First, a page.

This article was originally published in Maclean's Magazine on March 4, 1996
Manning, Ernest Charles (Obituary)
As a political leader, Ernest Manning was a quiet colossus. First elected to the Alberta legislature in the Social Credit landslide of 1935, he served as premier for 25 years - from 1943 until 1968 - and won seven straight elections. But longevity was only one measure of a remarkable political career. Manning, who died of cancer in Calgary on Feb. 19 at age 87, led Alberta from the lingering devastation of the Great Depression to the unparalleled prosperity of the postwar oil boom. He built roads, schools, hospitals and cultural institutions, and helped turn Alberta into a confident, dynamic province. Yet he remained a modest, unassuming leader whose integrity was beyond reproach. "Ernest Manning was a master builder," said Reform party Leader Preston Manning at his father's funeral last week in Calgary. "He presided over a change in the role of Alberta - from bearer of grievances to an advocate of solutions."
Although he achieved national prominence as a politician, Manning's first calling was religion. Raised on the family farm in Rosetown, Sask., Manning left home in 1927, when he was 18, to study for the ministry at the Prophetic Bible Institute in Calgary, founded by charismatic evangelist William Aberhart. Amid the misery of the Great Depression, Aberhart formed a political movement known as Social Credit and won 56 of 63 seats in the 1935 election - in part by promising a $25 monthly dividend to every Albertan. Manning, 26 at the time, ran successfully in Calgary and was named provincial secretary. "He came into politics very young and in a utopian movement with unfulfillable goals," said University of Calgary political science professor Thomas Flanagan. "And out of that, he made himself an extraordinarily competent province-builder."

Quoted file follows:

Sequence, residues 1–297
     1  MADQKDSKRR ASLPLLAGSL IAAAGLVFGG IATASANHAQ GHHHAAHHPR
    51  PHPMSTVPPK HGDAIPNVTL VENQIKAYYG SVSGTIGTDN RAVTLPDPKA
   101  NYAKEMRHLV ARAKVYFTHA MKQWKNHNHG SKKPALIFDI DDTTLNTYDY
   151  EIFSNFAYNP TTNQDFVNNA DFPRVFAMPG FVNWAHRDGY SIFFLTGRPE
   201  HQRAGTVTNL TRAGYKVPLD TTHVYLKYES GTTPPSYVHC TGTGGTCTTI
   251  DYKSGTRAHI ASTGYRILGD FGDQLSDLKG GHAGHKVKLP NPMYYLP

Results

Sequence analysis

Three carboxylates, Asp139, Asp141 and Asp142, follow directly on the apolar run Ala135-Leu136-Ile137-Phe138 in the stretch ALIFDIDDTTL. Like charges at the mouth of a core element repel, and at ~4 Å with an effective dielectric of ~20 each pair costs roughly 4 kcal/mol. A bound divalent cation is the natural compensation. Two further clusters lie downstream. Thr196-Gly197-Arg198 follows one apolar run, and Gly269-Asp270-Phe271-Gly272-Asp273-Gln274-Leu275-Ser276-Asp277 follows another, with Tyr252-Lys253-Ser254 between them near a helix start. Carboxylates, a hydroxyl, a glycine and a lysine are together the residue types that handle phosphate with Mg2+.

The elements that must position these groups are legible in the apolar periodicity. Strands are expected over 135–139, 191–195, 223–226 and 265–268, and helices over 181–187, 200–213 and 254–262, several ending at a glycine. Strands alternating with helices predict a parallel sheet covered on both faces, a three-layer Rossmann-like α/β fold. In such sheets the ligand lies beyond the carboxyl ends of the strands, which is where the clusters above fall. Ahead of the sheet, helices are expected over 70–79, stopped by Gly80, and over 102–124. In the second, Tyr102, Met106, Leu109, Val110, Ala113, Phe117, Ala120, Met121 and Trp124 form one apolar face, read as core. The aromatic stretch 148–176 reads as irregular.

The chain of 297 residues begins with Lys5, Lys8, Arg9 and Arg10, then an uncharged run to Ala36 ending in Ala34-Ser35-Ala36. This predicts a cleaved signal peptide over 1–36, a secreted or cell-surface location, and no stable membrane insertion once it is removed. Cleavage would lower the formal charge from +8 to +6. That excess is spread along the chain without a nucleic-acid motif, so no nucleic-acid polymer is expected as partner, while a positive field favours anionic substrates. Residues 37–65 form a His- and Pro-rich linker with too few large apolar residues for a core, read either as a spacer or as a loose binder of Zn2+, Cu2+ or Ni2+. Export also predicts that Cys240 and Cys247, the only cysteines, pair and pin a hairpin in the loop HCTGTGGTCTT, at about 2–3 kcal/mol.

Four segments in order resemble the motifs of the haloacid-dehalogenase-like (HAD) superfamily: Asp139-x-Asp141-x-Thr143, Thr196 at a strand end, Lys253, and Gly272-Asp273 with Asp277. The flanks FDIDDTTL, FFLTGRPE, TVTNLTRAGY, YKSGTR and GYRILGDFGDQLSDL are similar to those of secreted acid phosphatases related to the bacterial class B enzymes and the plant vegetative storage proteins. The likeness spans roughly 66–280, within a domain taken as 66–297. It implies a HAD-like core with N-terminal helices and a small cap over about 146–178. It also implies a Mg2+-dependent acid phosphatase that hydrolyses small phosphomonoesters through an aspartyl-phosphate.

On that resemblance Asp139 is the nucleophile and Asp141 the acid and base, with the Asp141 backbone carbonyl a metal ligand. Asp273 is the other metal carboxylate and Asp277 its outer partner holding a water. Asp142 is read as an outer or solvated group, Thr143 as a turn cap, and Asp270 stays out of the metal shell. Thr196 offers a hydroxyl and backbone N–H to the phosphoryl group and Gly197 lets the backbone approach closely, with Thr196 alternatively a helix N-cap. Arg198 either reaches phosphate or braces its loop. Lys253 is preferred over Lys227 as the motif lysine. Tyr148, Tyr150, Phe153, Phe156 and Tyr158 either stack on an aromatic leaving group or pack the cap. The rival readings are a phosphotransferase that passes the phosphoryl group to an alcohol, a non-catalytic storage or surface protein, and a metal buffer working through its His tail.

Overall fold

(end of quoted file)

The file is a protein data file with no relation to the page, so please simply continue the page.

Manning became premier after the death of Aberhart in May, 1943, and initially concentrated on delivering sound and reliable government. The discovery of a major oilfield at Leduc, 40 km south of Edmonton, in February, 1947, however, gave him the opportunity to do much more. The Leduc find, among others, transformed Alberta from a have-not province into an economic powerhouse.
Manning used the resource windfall to improve social services, cultural institutions and infrastructure. Yet, he was a fiscal conservative who kept taxes low and paid off Alberta's Depression-era debts. He is also credited with establishing innovative rules to ensure the proper long-term development of the province's petroleum reserves. "Mr. Manning brought in an oil-and-gas land rights system that is a model for resource development throughout the world," said former premier Peter Lougheed, whose Conservatives defeated the Socreds in 1971.
Throughout his political career, Manning delivered weekly sermons on his Back to the Bible Hour program, carried by radio stations across the country. He remained politically active long after retiring as premier. Manning served as a senator from 1970 until 1983 and acted as a key adviser to his son after he was elected founding leader of the Reform party in 1987. And in his eulogy last week, Preston Manning said that, if his father could offer one last piece of political advice to his fellow citizens, it would be this: "Do not let internal discord do to Canada what wars and depressions were unable to do. Continue to build. Continue to build."
Maclean's March 4, 1996